What constitutes a group in terms of group travel? What are the benefits of group travel? These are all questions that come to mind when talking about group space, whether it’s on a cruise or a land tour.
A general definition of “a group” is people traveling together who have something in common. Actually, a group can be almost any combination of people that cruise or tour together. It could be a family reunion, bridge club, church group, country music lovers, Harley riders, scrapbookers — the list is endless. It may be as simple as people who want to travel to Alaska, or any other destination.
Group travel has many benefits: socialization with friends, meeting new people with common interests, and a feeling of safety and security that comes with traveling with people you know.
There are also monetary benefits. Almost everyone has heard about a group leader traveling for “free.” The technical term is tour conductor, and that particular person may do all the work of organizing the group, or may do very little, just acting as a “figurehead.” The most common example that comes to mind is a clergyman who travels with people from his church, and who receives a “discounted” rate. (If there is no designated tour conductor, the TC credit can be divided among the group.) Some tour conductor ratios are as low as one free fare for nine full fare bookings, but most common is one free fare for 15 full fares.
But what about the other members of the group? Some cruise lines offer discounted rates for groups. Additionally, there are Group Amenity Points that vary from sailing to sailing. They can be enjoyed by everyone in the group, and might include a bottle of wine, a fruit basket, an on-board credit (money that can be used for any onboard purchases), cocktail parties, activities that are limited to the group, such as private concerts and “meet and greet” with the performers, even special shore excursions can be organized for groups.
So it’s more fun, safer, and beneficial to travel in a group — it may even be less expensive. Group travel participants enjoy free little extras and a feeling of camaraderie. The nice thing is, you can be as “together” or apart as you want. Nothing says you have to spend every waking hour with your group.
You may be thinking, OK, where do I find a group? You can get a group of people together yourself or you can join a “ready made” group.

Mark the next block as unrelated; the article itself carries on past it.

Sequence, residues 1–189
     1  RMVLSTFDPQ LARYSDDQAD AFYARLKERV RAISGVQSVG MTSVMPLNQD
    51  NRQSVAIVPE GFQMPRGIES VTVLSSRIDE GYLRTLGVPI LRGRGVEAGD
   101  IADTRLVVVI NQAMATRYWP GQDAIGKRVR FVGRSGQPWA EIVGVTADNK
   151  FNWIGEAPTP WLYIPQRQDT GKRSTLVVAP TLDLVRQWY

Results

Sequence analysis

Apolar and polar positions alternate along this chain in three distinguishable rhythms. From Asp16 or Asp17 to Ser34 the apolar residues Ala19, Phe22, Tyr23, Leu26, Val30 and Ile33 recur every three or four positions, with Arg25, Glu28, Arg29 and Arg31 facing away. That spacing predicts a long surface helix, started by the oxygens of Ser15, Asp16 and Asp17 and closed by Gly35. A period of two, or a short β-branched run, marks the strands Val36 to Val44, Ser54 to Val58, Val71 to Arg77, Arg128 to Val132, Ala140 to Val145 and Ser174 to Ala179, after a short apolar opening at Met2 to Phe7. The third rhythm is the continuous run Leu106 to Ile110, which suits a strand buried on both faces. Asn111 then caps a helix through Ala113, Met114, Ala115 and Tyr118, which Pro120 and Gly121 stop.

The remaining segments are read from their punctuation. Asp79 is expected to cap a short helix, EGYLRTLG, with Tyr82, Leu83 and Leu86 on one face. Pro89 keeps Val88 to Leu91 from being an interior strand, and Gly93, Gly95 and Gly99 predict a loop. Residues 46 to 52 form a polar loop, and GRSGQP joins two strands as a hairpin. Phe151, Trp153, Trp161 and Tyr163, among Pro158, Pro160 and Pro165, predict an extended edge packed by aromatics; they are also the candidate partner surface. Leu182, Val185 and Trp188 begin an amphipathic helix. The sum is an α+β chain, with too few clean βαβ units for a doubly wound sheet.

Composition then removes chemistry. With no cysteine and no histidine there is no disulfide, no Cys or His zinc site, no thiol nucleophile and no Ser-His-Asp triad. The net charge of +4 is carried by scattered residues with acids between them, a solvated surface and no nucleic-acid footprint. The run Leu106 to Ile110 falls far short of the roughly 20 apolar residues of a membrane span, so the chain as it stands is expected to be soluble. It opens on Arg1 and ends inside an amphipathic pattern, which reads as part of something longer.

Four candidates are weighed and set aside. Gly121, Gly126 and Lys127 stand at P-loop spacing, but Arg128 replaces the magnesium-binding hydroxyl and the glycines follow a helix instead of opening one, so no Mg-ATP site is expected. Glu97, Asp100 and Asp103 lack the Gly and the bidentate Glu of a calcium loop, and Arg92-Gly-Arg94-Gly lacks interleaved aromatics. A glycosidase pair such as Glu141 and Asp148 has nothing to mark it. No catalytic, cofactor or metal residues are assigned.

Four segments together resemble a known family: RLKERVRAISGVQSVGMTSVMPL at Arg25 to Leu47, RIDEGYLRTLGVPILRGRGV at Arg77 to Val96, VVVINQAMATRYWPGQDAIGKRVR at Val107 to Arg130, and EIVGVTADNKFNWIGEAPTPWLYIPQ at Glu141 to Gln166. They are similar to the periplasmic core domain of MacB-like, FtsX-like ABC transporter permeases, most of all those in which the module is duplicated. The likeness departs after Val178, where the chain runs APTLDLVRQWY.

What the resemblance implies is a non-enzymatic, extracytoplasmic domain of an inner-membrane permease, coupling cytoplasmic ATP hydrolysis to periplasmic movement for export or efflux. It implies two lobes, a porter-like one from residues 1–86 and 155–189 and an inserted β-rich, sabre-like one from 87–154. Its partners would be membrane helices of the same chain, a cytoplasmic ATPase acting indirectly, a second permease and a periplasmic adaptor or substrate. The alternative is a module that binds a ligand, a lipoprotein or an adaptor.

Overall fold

How about the “3rd Annual Remembering the King” seven-night Mexican Riviera cruise leaving Aug. 30 from Los Angeles? That happens to be the 32nd anniversary of Elvis’ passing. Mahwey Productions provides cruisers with a full Elvis experience, with several tribute performances from the many decades of Elvis’ career. Additionally there will be Sing Like a King Talent Night, Elvis trivia contests, and Elvis “sightings” around the ship.
Is country music more to your taste? Then join us for the first annual “Riders on the High Seas” cruise featuring the legendary Doo Wah Riders, a country group with a Cajun flair that has been performing in California, Arizona, and Texas for 30 years. This is a five-day Mexican Riviera cruise from San Diego leaving Nov. 16. You can hear their music at www.thedoowahriders.com.
There’s a “Whodunit Mystery Cruise” from San Diego on Oct. 29. This is a four-night Mexican Riviera cruise to Cabo San Lucas. Clues will be revealed at dinner until the guilty party is identified.
For crafters, we have a Quilters Cruise scheduled for Oct. 19, which is also a four-night cruise from San Diego to Cabo. Classes and kits will be available for purchase.
Veteran cruisers know that the bargains are on “repositioning” cruises, such as those taking place in autumn when a ship leaves Europe and moves to the Caribbean for the winter months. We have group space booked on the Nov 29 sailing from Barcelona, Spain to Galveston, Texas on Royal Caribbean.
Finally, there’s the trip of a lifetime: Imperial Jewels of China, a combination Yangtze River cruise with side trips by air to Beijing, Xian, and Shanghai, starting Sept. 28.
For information on any of the above scheduled groups, or to create your own, call (928) 472-7878, or stop in at Cruise Port Travel, 408 S. Beeline Highway in Payson, or visit our Web site at www.travelpayson.com.